# 3.1 Atomic Mass

• Atomic mass is defined as the mass of an atom in atomic mass units, according to international consensus (amu).

• One atomic mass unit is defined as a mass that is one-twelfth that of a carbon-12 atom.

# 3.2 Avogadro’s Number and the Molar Mass of an Element

• Chemists use moles to quantify atoms and molecules.

• The mole (mol) is the amount of a substance in the SI system that has the same number of elementary entities as there are atoms in 12 g (or 0.012 kg) of carbon-12 isotope.

# 3.3 Molecular Mass

• The molecular mass (in AMU) is the mass of one molecule.

• The total the atomic masses of each atom in a molecule determines it.

# 3.4 The Mass Spectrometer

• By dislodging an electron from each atom or molecule, collisions between electrons and gaseous atoms produce positive ions.

• As these positive ions (with mass m and charge e) move between the plates, they are propelled by two oppositely charged plates.

# 3.5 Percent Composition of Compounds

• The mass of each element in 1 mole of the compound is divided by the molar mass of the compound and multiplied by 100 percent to get the percent composition.

• Each element in a compound's percent composition by mass is expressed as a percentage by mass.

# 3.6 Experimental Determination of Empirical Formulas

• In addition to the empirical formula, we need to know the compound's approximate molar mass to determine the molecular formula.

# 3.7 Chemical Reactions and Chemical Equations

• They look at what happens to atoms and molecules during a chemical reaction, which is a process that transforms one or more substances into new ones.

• Chemists have devised a standard way to depict chemical reactions using chemical equations to communicate with one another.

• Chemical symbols are used in a chemical equation to show what happens during a reaction.

# 3.8 Amounts of Reactants and Products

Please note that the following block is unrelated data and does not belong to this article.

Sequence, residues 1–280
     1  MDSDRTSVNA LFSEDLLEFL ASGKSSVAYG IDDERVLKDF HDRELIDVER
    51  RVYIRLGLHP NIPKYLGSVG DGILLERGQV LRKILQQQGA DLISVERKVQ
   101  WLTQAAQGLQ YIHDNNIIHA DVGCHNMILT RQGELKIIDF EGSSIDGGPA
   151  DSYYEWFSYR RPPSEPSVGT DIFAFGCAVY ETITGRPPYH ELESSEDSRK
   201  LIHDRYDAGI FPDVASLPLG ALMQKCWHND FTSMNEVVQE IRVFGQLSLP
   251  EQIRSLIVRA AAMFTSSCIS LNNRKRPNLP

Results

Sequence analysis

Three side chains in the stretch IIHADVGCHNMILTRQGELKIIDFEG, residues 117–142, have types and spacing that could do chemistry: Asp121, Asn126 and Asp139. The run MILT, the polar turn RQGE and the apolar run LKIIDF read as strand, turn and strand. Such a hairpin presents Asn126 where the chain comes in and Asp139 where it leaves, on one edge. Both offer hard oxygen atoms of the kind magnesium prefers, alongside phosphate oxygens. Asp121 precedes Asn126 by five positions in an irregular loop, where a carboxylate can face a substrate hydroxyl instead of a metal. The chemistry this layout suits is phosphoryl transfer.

• To quantitatively analyze a reaction, we must use our understanding of molar masses and the mole notion.

• The quantitative analysis of reactants and products in a chemical reaction is known as stoichiometry.

• We use moles to compute the amount of product created in a reaction, whether the units for reactants are moles, grams, liters, or some other unit.

• This method is known as the mole method, and it simply means that the stoichiometric coefficients in a chemical equation can be translated into the number of moles of each substance.

# 3.9 Limiting Reactants

• The reactants are rarely present in exact stoichiometric amounts, that is, in the proportions suggested by the balanced equation, when a chemist performs a reaction.

• Limiting Reactants 103 quantity of product created relies on how much of this reactant was initially present, the first reactant used up in a reaction is called the limiting reactant.

• Excess reactants are those that are present in greater quantities than are required to react with the limiting reagent.

# 3.10 Reaction Yield

• The theoretical yield of a reaction is determined by the amount of limiting reactant present at the start of the reaction—that is, the amount of product that would result if all of the limiting reactants reacted.

• The theoretical yield, then, is the greatest yield that the balanced equation predicts.

• Almost always, the actual yield, or the amount of product obtained from a reaction, is smaller than the theoretical yield.

• Chemists frequently calculate the percent yield, which is the ratio of the actual yield to the expected yield, to measure how effective a reaction is.